UPDATE: We have a winner from the seal pup born on Friday December 18th. Thank you for sending in your snapshots! The Gray Seal moms landing on Seal Island National Wildlife Refuge have already begun giving birth to adorable pups, but we have yet to catch it live on cam.
The Gray Seal Pupping Cam is Back!
Life is bursting forth in the midst of the shortest and coldest days of the year! Northern Gray Seals are about to give birth to cute, fluffy white pups just yards away from where the puffins of Seal Island, Maine spent their summer. And now the Gray Seal Pupping Cam is live again to bring
Enter the Gray Seal Colony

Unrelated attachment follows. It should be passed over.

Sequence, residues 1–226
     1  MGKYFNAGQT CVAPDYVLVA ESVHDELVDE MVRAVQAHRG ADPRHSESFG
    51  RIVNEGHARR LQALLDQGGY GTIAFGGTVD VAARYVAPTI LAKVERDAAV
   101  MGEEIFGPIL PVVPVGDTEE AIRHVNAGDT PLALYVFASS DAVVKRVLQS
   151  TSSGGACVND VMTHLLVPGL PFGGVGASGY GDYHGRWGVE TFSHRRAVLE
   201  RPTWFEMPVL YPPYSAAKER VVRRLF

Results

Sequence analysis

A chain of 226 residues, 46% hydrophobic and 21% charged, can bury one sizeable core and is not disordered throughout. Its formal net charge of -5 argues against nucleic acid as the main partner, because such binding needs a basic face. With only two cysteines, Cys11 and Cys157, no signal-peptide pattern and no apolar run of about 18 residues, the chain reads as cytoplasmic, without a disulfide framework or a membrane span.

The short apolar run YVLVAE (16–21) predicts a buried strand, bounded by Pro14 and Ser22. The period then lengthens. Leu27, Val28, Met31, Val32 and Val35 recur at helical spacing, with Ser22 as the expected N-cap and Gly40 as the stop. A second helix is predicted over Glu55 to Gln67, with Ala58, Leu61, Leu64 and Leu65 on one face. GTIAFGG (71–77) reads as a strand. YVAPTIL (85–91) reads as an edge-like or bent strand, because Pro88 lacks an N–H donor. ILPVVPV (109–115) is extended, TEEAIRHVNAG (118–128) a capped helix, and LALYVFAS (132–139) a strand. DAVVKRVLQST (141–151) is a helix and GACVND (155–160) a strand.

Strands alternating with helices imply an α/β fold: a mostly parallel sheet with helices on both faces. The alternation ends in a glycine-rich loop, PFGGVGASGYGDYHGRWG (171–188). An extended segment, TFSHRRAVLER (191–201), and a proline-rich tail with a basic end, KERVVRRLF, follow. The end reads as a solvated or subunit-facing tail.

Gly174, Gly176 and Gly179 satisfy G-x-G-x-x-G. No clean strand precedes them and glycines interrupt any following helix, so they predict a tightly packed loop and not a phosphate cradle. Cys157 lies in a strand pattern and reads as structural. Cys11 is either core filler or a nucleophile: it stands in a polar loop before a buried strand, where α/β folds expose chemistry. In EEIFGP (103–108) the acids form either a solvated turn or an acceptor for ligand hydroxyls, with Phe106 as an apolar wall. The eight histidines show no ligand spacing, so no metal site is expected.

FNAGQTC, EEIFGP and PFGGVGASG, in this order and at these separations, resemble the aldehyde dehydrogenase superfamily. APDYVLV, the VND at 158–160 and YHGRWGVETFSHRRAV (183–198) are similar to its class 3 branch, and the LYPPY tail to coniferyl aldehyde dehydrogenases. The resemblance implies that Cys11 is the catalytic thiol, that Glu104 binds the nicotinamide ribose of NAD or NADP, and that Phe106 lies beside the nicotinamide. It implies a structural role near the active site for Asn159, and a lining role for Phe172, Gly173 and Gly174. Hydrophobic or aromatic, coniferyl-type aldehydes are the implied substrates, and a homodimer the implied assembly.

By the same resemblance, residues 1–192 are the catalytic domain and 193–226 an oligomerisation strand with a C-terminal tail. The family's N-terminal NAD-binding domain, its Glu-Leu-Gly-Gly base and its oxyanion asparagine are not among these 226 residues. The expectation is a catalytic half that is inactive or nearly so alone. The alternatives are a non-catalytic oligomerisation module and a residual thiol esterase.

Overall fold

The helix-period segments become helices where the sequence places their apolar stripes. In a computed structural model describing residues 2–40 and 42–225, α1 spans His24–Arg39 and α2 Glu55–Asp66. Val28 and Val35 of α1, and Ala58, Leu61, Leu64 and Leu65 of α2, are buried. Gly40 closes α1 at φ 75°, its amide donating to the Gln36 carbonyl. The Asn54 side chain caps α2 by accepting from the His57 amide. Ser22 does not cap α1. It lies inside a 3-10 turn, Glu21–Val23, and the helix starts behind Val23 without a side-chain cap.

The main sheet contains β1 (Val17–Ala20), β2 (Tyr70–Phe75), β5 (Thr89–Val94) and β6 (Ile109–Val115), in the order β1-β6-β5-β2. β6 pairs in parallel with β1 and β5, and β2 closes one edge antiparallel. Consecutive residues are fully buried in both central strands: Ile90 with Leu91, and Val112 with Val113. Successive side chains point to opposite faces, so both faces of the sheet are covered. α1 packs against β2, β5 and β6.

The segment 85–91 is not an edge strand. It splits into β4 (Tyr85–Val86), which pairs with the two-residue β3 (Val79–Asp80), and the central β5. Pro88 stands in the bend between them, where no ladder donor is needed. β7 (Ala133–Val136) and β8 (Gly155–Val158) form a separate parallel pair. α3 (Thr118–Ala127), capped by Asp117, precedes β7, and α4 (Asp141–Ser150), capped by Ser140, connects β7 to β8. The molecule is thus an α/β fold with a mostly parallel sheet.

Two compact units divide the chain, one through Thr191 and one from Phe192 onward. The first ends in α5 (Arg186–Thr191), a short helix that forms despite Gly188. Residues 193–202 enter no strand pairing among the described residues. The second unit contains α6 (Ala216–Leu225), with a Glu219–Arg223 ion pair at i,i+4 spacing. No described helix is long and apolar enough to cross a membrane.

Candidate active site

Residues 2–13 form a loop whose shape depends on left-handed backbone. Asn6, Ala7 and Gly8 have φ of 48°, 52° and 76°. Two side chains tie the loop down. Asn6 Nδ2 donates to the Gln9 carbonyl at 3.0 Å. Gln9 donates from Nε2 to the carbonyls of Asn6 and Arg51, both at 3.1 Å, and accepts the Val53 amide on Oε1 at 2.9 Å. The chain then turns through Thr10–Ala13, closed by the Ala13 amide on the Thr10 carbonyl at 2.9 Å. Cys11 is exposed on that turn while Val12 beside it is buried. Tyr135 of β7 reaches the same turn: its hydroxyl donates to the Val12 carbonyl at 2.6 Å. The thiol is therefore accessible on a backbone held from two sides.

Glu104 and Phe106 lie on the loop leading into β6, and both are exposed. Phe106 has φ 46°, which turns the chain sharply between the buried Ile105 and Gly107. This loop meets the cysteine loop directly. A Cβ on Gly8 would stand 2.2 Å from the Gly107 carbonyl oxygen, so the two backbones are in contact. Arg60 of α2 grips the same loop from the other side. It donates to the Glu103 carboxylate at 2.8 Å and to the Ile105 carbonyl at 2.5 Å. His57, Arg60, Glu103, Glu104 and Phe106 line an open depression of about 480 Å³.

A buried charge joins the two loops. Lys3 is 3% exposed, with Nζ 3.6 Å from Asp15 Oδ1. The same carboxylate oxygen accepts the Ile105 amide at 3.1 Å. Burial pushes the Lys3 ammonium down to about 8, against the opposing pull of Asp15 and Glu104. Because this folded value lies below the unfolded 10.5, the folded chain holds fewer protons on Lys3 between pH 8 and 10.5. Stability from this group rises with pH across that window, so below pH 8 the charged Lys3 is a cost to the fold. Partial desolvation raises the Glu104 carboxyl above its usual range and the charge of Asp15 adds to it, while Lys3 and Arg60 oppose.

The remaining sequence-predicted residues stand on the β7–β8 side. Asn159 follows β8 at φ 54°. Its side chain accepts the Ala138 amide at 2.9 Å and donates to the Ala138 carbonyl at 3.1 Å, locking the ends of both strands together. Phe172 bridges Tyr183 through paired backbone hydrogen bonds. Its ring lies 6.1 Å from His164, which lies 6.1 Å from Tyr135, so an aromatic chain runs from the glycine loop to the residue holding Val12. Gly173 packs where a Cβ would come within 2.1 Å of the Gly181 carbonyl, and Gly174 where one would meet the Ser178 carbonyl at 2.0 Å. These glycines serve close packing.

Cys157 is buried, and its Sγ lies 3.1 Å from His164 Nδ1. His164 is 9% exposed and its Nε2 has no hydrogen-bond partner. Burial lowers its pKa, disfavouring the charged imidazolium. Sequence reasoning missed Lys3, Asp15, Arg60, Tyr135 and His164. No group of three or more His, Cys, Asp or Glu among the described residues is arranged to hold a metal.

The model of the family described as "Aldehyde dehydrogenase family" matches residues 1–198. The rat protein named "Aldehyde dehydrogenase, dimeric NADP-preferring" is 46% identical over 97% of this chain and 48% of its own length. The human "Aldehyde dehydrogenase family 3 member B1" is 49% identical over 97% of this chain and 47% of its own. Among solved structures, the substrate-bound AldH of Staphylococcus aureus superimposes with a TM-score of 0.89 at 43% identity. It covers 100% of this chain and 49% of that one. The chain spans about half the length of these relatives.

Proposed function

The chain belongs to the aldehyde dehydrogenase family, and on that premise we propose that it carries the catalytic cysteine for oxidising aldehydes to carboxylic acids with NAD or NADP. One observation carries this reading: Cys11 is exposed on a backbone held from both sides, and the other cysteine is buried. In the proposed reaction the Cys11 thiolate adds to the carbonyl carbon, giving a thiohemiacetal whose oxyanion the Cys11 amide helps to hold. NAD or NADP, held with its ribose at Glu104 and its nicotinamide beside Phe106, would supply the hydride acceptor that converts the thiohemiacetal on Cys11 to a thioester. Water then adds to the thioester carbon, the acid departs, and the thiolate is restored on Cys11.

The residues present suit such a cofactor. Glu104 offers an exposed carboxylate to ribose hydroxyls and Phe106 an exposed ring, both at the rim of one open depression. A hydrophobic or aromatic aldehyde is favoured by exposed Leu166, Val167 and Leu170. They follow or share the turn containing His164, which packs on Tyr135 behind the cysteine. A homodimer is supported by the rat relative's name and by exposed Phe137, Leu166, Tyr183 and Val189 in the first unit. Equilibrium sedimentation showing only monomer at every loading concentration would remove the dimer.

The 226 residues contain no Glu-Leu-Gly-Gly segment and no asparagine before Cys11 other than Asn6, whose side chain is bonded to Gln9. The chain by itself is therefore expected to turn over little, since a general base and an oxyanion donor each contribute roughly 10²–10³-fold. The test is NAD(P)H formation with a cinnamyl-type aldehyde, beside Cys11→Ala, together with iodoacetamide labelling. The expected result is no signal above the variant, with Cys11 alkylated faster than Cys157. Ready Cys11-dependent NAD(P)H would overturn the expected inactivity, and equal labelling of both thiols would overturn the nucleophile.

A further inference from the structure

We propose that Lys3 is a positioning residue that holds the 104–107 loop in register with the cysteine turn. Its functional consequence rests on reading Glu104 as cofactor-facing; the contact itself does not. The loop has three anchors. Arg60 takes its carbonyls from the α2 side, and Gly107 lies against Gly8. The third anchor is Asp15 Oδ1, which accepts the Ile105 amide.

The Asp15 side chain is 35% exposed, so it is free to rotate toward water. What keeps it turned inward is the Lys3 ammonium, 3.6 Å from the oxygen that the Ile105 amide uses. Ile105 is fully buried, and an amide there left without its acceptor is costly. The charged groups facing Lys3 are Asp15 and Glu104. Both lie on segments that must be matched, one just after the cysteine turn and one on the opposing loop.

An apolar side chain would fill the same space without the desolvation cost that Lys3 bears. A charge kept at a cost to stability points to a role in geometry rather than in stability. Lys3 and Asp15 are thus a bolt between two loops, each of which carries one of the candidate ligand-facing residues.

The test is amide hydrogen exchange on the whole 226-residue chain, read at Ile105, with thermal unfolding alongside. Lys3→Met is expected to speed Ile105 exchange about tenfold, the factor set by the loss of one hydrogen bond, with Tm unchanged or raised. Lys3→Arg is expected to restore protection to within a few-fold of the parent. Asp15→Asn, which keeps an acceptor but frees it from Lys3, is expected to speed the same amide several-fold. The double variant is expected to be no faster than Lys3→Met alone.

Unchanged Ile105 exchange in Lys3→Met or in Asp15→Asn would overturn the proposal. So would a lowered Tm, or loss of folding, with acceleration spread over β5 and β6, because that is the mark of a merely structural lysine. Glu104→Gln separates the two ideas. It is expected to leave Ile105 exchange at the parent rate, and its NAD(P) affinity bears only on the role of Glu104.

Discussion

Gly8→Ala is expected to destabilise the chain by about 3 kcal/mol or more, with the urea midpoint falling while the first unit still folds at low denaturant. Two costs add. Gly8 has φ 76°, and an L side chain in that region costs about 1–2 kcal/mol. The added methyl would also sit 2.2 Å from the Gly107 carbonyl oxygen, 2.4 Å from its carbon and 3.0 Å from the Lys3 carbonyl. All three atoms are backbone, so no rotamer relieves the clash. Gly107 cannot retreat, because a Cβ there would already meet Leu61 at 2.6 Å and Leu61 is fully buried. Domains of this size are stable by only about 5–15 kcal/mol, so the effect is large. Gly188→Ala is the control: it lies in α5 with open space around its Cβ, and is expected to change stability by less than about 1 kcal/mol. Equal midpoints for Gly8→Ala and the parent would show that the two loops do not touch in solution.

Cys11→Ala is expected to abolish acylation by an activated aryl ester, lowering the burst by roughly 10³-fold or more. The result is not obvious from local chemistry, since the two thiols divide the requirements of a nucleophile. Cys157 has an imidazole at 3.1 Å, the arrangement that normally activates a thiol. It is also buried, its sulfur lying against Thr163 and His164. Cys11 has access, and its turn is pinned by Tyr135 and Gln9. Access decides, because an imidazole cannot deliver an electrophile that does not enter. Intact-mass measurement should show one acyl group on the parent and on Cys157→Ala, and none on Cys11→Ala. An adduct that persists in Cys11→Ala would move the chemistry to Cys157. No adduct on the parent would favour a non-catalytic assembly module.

Seal Island National Wildlife Refuge is a 65 acre sanctuary managed in collaboration with the Audubon Seabird Restoration Program (Project Puffin), which operates a summer field station here. The program has successfully restored Maine’s largest colonies of Atlantic Puffins and Common and Arctic Terns. It also has done a thing or two for gray seals.
Did You Know? Gray seals belong to a group of animals called pinnipeds. Pinniped literally means “wing-foot.” This photo from our Cam Operator on the Gray Seal Pupping Cam captured this close up. Gray seals are part of the Phocid family. These seals “are known as true or “earless” seals. These animals lack external ear flaps and are incapable
Acrobatics on Seal Island
Gray seals are part of the pinniped family, and their streamlined shape gives them not only speed but flexibility. Seals are more agile and flexible [than dolphins] and some otariids, such as the California sea lion, are capable of bending their necks backwards far enough to reach their hind-flippers, allowing them to make dorsal turns. Pinnipeds have